. It includes 1,208 real-world vulnerabilities in CVE, covering 10 open-source C/C++ projects which are widely adopted as target projects by prior works(Zhou et al., 2019a; Li et al., 2018c, b; Garg et al., 2020), and 3,145 vulnerable samples (i.e., test cases) in SARD. Column 2 represents the scope of project versions affected by vulnerabilities in our dataset. Column 3 denotes the number of vulnerable samples. A vulnerable sample may contain one or more vulnerable functions. Column 4 and Column 5 are the number of nodes and edges in slices, respectively. Furthermore, the distribution of different types of memory-related vulnerabilities in our dataset is shown in Figure 5, with CWE-119 (Improper Restriction of Operations within the Bounds of a Memory Buffer) accounting for the highest percentage at 40% (including 1731 vulnerable samples).
4.2.2. Data Labeling.
To train a detection model, we first need to conduct data labeling. There are two types of labels for statement nodes in the graph representation of a program: 1) vulnerable represents that the node is related to an improper operation in the vulnerable programs; 2) non-vulnerable represents that the node is related to the normal operation. To make this process automatic, we adopted a simple labeling strategy with diff files. We first conduct program slicing for each vulnerable sample to generate a number of slices. Then, for each slice of the samples in SARD, we labeled the statement nodes annotated with ”errors” as vulnerable. For each slice of the real-world vulnerabilities in CVE, we compared statements in each slice and that in the corresponding vulnerable function according to diff files. If a statement was deleted or altered (i.e., starting with ”-” in diff files), it would be labeled as vulnerable, and non-vulnerable otherwise. However, in practice, part of memory-related vulnerabilities did not contain ”-” in their patches. For example, in CVE-2019-19083 (August, ssede), memory leaks because allocated memory can not be released when memory allocation fails. This vulnerability can be fixed by adding a memory release statement. Thus, for these vulnerabilities can not be directly labeled, we manually labeled vulnerable nodes through identifying improper operations (Lu et al., 2019) (e.g., memory allocation or deallocation statements). In order to avoid introducing artificial deviation, two postgraduates and one Ph.D participated in this labeling process. If two postgraduates disagreed on the label of the same sample, the sample would be forwarded to the Ph.D evaluator for further investigation.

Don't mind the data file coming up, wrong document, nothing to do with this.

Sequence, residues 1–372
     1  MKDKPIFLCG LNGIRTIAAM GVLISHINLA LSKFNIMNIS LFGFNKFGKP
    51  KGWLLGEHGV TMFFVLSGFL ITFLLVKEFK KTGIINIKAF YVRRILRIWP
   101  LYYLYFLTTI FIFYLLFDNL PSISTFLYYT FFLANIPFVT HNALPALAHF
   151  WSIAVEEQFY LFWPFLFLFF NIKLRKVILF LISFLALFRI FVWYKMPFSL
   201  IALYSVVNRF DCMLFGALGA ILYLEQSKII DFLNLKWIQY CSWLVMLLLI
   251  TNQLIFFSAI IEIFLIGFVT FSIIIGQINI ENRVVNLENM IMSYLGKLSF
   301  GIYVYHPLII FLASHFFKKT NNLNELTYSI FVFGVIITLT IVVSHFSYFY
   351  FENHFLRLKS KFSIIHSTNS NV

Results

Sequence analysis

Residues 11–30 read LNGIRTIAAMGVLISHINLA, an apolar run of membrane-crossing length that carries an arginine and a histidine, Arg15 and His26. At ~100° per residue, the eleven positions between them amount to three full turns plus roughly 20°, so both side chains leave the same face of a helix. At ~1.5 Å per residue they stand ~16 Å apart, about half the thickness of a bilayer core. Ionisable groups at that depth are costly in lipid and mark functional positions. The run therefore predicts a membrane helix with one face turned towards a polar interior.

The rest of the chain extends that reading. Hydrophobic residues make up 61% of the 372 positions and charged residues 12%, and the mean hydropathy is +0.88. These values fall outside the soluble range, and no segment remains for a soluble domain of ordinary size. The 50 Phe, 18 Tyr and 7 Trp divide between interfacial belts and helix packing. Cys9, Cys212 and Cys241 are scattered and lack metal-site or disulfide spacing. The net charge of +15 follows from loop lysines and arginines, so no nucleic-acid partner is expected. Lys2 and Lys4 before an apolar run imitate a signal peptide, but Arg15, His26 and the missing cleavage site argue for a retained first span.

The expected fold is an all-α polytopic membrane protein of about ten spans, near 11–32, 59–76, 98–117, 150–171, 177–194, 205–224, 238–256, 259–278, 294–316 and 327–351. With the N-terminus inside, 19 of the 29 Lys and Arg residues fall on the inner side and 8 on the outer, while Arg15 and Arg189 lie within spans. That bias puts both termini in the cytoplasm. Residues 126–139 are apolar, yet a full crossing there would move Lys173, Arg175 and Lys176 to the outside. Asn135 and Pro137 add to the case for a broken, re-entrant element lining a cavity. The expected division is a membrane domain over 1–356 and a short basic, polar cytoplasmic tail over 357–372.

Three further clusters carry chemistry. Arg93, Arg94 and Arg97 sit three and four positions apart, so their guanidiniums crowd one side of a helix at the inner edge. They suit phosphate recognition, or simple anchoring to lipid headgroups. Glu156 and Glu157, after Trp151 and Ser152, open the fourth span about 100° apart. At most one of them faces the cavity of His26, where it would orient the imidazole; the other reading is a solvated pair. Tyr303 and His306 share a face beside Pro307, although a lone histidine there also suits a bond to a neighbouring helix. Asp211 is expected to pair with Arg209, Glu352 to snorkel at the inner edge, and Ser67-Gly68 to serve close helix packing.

4.2.3. Baseline Methods.
To answer the first research question, we selected three state-of-the-art DL-based vulnerability detection techniques, i.e., VulDeePecker (Li et al., 2018c), SySeVR (Li et al., 2018b), and Devign (Zhou et al., 2019a). VulDeePecker and SySeVR represented source code as sequences and used BiLSTM model for vulnerability detection at the slice-level. Devign constructed a joint graph structure (including AST, CFG, DFG, and code sequences) and used GGNN model to detect vulnerabilities at the function-level. They are widely adopted as baselines in recent works (Cheng et al., 2021; Wang et al., 2021; Li et al., 2021) and have been shown to be effective in detecting memory-related vulnerabilities (Cheng et al., 2021) even though they are designed for generic vulnerability detection.
To investigate RQ2, we selected five popular static analysis-based vulnerability detectors, i.e., PCA (Li et al., 2020a), Saber (Sui et al., 2012), Flawfinder (August, ssedg), RATS (August, ssedk), and Infer (August, ssedh). They have shown relatively good performance on memory-related vulnerabilities and are widely adopted as baselines in prior works (Cheng et al., 2021; Li et al., 2018c, b; Fan et al., 2019).
We implemented MVD
in Python using PyTorch(August, ssedj). Our experiments were performed with the Nvidia Graphics Tesla T4 GPU, installed with Ubuntu 18.04, CUDA 10.1.